"Even though I have had Cerebral Palsy since birth, I have not always seen or used my disability as a strength. I used to see it as a major weakness and a disadvantage. It wasn't until I saw the London 2012 Paralympics that I thought that maybe a disability could be very much a strength and not necessarily a negative thing that needed to hold me back. I became more and more into this 'way' of thinking and the more I thought in this way, the happier I was and the more doors opened for me.

"Disability is something that people are often 'taught' to fear. I've even heard people say "I'd rather die than become disabled". You might be surprised to know that it really isn't that 'scary' at all, especially with the right attitude and a desire to achieve and succeed. With the right attitude, you'll be shocked at what can be achieved. No one, able-bodied or disabled, see results with a negative attitude.

"It is easy and entirely understandable to feel frustrated, trapped and scared when you become disabled. Life has changed and probably won't take the same path that you envisioned. However, the new path that you will now take will give you a totally new viewpoint on life and totally new opportunities, many of which you would have never been able to have before. Embrace these. I've been disabled all of my life, but it was only when I truly accepted this in my late teens after spending many years of trying to 'fit in' that my life really began.

"I would now never change who I am. Use your disability as a strength. Take every opportunity and don't get upset about the things you can't do - there's no point, you will only upset and frustrate yourself. And, give everything 100%. Your determination will make things happen."

Martyn Sibley

Creator of

"I have a genetic condition called Spinal Muscular Atrophy. This means that since I was born I've had little strength anywhere on my body. With my electric wheelchair, independent living equipment and carers I live a very fulfilled life. The key to my personal achievements has been the funding for these vital inputs.

"When you use a wheelchair there are lots of barriers in everyday life. I need help to wash, dress, hoist (lifting device), cook, clean and go outside. The fact I am weaker means certain barriers are overcome with assistive technology and great people.

"However, out in public there are three types of barriers. The first is from the environment. If transport or buildings have steps, I'm disabled. When there are ramps and lifts, I'm totally included in that situation. The second is attitude. If a person sees my wheelchair and presumes things about me in a negative way, I'm disabled again. If they treat me like any person and get to know me, well I'm included again. The third is organisational barriers. If I have to phone for a train ramp 24 hours before travelling, or handwrite in a test for a new job interview, I'm disabled. But if train companies factor in that I won't know my exact travel time or if a company allows me to use a PC, I'm equal and able to show my true potential and value.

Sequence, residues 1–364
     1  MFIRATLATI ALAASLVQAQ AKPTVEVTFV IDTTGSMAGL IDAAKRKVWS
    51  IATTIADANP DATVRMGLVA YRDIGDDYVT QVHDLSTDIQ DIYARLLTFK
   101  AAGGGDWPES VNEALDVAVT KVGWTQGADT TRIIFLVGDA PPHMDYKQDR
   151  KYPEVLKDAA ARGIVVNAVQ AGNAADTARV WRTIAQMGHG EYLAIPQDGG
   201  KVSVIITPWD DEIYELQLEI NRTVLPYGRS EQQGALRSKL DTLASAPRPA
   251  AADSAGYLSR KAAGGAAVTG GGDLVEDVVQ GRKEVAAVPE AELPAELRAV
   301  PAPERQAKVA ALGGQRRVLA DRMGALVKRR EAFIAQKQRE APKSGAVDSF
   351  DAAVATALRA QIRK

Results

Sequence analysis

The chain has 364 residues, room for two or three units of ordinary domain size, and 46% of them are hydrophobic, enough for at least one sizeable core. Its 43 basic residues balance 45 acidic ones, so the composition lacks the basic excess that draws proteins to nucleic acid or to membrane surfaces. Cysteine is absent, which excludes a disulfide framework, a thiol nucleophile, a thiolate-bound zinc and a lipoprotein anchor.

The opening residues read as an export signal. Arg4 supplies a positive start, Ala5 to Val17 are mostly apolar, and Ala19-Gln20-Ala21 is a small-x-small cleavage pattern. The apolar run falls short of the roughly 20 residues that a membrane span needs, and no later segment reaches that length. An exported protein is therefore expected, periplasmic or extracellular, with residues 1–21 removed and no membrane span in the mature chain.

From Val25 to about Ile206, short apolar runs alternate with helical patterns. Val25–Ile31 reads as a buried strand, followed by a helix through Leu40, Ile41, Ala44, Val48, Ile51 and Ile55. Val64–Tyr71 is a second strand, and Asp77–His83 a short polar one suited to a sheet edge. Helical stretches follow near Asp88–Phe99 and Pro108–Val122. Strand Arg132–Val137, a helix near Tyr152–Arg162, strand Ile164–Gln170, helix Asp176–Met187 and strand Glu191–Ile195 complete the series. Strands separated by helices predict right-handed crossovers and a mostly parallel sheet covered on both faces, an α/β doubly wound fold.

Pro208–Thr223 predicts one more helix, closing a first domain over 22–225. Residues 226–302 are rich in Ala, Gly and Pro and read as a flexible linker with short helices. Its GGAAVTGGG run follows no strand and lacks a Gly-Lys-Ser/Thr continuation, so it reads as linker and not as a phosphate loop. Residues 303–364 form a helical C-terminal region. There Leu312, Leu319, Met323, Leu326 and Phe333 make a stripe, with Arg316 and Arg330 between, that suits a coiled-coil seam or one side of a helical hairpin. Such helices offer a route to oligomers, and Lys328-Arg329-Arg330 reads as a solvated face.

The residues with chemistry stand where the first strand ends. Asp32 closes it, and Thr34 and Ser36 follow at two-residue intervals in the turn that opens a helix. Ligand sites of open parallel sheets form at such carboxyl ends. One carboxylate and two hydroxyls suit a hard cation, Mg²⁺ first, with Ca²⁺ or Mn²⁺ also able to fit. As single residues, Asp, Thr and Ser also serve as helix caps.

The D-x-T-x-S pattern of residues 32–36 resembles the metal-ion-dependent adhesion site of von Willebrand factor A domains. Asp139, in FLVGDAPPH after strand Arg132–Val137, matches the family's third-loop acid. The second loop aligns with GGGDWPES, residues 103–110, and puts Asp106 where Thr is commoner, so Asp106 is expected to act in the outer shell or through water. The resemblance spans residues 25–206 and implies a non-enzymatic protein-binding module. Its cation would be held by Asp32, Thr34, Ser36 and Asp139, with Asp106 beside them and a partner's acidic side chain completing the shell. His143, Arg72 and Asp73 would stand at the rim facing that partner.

"This can all be quite tiring and frustrating. One of the tools I use is my outgoing personality. Always getting out and about, being interested in helping people, and asking for any support I need has been useful. This creates an interesting conversation about nature versus nurture. Can we use all use social skills as a barrier breaker? It definitely works but I appreciate for a shy person it's not ideal.

"Another way I stay positive is to balance my understanding of what's good today and what can be better tomorrow. The world is far more accessible, inclusive and full of technology today. However, there's so much more that governments, businesses and everyday people need to learn about disability.

"Overall, living a good life, regardless of disability, is about passion. All the people I know who are living fulfilled lives are connected to their passion. I love travelling, writing, creating videos, connecting people and improving things. So being a travel blogger, CEO of a disability organisation and advising government and companies is perfect."